Stephan von Krawczynski wrote:
you may have already heard about it or not (several times in the past),
non-kernel devices run into a symbol export problem as soon as something is
only exported GPL from the kernel.
Currently there is a discussion regarding zfs using this call chain:
vdev_bio_associate_blkg (zfs) -> blkg_tryget (kernel) -> percpu_ref_tryget
(kernel) -> rcu_read_unlock (kernel) -> __rcu_read_unlock (kernel)
where __rcu_read_[lock|unlock] is a GPL symbol now used by (not GPL exported)
That this popped up (again) made me think a bit more general about the issue.
And I do wonder if this rather ideologic problem is on the right track
currently. Because what the kernel tries to do with the export GPL symbol
stuff is to prevent any other licensed software from _using_ it in _runtime_.
It does not try to prevent use/copy of the source code inside another non-gpl
And I do think that this is not the intention of GPL. If it were, then 100% of
all mobile phones on this planet are illegal. All of them use GPL software
from non-gpl software, be it kernel modules or apps - and I see no difference
in the two. The constructed difference between kernel mode software and
user-space software is pure ideology. Because during runtime everything is
Which means if you fopen() a file in user-space it of course uses GPL symbols
down in the chain somewhere. The contents of the opened file are not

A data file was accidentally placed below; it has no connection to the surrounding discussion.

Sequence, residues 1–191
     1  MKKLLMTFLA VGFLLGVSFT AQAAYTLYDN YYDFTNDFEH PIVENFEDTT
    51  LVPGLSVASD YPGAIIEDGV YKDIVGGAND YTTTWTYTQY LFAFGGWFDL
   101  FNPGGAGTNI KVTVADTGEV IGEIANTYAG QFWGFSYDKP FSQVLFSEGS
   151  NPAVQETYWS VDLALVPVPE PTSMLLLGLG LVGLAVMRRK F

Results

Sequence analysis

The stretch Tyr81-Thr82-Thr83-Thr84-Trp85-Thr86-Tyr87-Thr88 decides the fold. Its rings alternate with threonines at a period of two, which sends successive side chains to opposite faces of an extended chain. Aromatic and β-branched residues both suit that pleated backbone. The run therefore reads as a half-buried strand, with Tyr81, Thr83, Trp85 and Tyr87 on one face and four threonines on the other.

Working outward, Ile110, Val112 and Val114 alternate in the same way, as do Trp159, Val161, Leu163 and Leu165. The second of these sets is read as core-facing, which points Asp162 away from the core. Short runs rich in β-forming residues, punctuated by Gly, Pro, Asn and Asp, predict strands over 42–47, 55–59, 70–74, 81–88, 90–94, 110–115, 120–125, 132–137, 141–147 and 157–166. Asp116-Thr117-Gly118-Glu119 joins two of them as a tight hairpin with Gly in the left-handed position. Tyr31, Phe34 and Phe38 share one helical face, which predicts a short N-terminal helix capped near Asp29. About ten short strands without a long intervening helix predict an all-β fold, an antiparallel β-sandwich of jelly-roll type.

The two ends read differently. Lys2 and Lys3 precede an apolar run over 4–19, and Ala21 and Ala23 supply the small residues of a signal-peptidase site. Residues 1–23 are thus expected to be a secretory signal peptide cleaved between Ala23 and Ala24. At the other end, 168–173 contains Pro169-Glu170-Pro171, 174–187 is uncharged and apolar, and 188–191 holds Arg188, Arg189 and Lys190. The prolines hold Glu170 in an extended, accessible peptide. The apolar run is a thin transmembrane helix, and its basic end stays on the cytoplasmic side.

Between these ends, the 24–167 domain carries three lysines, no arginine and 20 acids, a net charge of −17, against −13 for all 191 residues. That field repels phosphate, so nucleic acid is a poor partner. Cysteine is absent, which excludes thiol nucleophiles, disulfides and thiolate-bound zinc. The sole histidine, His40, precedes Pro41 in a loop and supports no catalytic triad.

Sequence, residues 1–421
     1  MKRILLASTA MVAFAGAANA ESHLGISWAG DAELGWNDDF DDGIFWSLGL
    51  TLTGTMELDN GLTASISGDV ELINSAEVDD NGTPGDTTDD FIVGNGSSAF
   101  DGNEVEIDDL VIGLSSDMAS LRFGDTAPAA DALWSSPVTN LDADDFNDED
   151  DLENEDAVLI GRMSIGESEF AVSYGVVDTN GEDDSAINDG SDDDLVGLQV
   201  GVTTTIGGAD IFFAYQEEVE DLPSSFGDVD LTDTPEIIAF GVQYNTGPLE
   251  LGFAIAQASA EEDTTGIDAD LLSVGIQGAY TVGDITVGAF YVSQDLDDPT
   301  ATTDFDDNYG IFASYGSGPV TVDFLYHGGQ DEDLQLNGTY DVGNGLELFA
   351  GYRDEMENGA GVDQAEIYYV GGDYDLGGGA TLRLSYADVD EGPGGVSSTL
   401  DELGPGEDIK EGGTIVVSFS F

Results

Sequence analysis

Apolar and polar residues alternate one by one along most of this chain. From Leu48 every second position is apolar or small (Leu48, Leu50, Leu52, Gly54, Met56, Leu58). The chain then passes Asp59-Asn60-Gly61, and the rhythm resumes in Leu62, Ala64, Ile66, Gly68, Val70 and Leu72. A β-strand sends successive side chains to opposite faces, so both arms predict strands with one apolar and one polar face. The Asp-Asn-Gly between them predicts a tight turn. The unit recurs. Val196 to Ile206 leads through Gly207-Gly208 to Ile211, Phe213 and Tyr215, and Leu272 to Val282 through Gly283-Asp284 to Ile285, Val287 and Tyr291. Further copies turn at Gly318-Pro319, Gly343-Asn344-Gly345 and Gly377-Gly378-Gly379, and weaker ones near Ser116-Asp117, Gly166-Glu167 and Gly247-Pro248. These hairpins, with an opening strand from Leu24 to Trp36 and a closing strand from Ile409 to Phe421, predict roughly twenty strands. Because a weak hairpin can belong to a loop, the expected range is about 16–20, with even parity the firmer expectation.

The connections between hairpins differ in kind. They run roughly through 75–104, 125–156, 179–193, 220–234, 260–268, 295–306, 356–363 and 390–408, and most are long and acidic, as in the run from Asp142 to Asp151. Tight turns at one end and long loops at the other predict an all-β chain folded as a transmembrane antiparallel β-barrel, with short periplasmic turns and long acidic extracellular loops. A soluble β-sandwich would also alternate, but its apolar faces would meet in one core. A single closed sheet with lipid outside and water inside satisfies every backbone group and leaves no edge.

If you/we follow the current completely ideology-driven GPL strategy then I am
all for completely giving up this whole project. In real world you simply
cannot use such a piece of software. The success of linux during the last
years (i.e. decade) is not based on the pure GPL strategy, but on the
successful interaction between linux and non-GPL software.
Just think of the billions of smartphones all using a non-gpl firmware
(underneath, and there is no GPL version at all), the kernel (with non-gpl
modules) and apps (quite some of which are non-gpl).
This is only one prominent example, but there are lots of others.
In the end it all sums up to one simple question:
Can one _use_ GPL software during runtime as a base for own projects of any
license type or not? We are not talking about _copying_ gpl code, we are
talking about runtime use.
If runtime use is generally allowed, then the export gpl symbol stuff inside
the kernel code is nonsense. Because to use the kernel you must be allowed to
call it, no matter from where.